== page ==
A state public-employment board has tentatively rejected an unfair-labor-practice complaint seeking to block Seattle’s police chief from hiring assistant chiefs from outside the department — an option city leaders consider key to police reform.
The complaint, filed May 7 by the Seattle Police Management Association (SPMA), alleged that career opportunities for captains and lieutenants in the union could be harmed by a new city ordinance that allows the chief to hire outside law-enforcement officers as assistant or deputy chiefs.
The ordinance, enacted in January, repealed a 1978 restriction that limited the police chief to selecting senior commanders from the current pool of captains and lieutenants.
The legislation, signed by Mayor Ed Murray, was pushed by council President Tim Burgess and Bruce Harrell, chair of the council’s public-safety committee.
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With Murray beginning his search for a new police chief at the time, the two council members said they wanted to attract top police-chief candidates to a department under a federal consent decree requiring reforms to address excessive force and biased policing.
Murray expressed displeasure over the SPMA complaint, saying he would require his nominee to bring in at least one outside aide, in part to bolster the reform effort.
His choice for the job, former Boston police Commissioner Kathleen O’Toole, whose confirmation hearings before the council begin Wednesday, has signaled she might bring in more than one outside assistant, either in sworn or civilian positions, as part of a transition team. But she also has said she supports filling positions with qualified people from within.
The SPMA, citing potential harms from limitations on promotions and the possibility of demotions of current assistant chiefs, asserted in its complaint to the Public Employment Relations Commission that the change was subject to mandatory bargaining.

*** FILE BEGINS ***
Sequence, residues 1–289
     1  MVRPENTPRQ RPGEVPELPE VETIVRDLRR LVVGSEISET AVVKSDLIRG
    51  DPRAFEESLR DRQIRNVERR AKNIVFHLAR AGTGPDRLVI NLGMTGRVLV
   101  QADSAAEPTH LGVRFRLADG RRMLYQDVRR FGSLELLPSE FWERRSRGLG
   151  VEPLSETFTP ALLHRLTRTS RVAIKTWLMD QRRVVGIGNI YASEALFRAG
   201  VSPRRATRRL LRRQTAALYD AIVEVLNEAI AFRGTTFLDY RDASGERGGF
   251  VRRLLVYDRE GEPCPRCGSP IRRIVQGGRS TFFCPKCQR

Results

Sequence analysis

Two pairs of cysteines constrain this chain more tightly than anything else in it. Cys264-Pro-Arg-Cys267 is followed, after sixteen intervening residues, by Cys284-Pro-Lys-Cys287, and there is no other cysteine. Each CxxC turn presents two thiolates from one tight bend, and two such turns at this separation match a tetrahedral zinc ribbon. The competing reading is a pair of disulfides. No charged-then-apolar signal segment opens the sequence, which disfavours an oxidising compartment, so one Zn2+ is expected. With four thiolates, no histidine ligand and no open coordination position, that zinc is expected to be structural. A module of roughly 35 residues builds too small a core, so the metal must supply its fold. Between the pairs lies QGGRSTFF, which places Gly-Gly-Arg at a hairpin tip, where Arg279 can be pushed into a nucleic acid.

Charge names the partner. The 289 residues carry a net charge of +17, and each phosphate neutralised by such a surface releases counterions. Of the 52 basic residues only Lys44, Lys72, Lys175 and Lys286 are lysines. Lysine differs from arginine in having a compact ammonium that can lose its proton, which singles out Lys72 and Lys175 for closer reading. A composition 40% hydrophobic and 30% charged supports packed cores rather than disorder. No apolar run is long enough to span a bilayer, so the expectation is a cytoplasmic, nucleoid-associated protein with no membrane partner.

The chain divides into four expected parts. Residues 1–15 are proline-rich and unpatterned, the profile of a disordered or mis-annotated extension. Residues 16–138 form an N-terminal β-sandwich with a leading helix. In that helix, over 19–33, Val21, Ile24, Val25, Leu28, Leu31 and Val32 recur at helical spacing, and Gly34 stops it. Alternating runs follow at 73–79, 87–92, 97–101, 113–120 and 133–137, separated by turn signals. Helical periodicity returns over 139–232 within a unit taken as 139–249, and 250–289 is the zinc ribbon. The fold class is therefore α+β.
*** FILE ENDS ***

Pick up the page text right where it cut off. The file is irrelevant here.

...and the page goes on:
But in May 28 letter to the parties, David I. Gedrose, a commission manager, found the complaint was defective and lacks standing.
“The union does not represent Assistant Chiefs,” Gedrose wrote. “The collective bargaining agreement between the union and employer apparently does not address the issue of promotion to Assistant Chief.”
Gedrose gave the union 21 days to file an amended complaint or have the matter dismissed.
Capt. Eric Sano, president of the SPMA, said Tuesday that an amended complaint will be filed and that the association’s attorney was working on it “as we speak.”
Sano said SPMA doesn’t object to the chief bringing in outside assistants but wants to negotiate the number. He said the union would be willing to accept one or two outside positions but is concerned about the potential replacement of all assistant chiefs with outsiders and the creation of a “glass ceiling.”
Even though O’Toole is likely to retain insiders for their “institutional knowledge,” there is the possibility of “mission creep” over time, Sano said.
The union’s attorney believes the commission manager erred in reaching his decision, said Sano, who served on the search committee for the new chief and identified O’Toole as a strong leader and his choice for the job
Burgess, in a statement, welcomed the decision.
“The police chief’s ability to hire the best candidates for her command staff is a central part of our new approach to management of the police department,” he wrote. “The status quo is not acceptable. We expect significant change and it begins with the command staff.
“The new chief faces huge issues,” he added. “The culture of the police department is stagnant. Basic management systems and protocols are lacking. Management accountability and core business practices are not well defined. Data systems are severely lacking. There are significant questions about use of resources and deployment of officers. The new chief will need very experienced and seasoned managers to create and sustain the change we want.”
Information from Seattle Times archives is included in this story. Steve Miletich: 206-464-3302 or email@example.com On Twitter @stevemiletich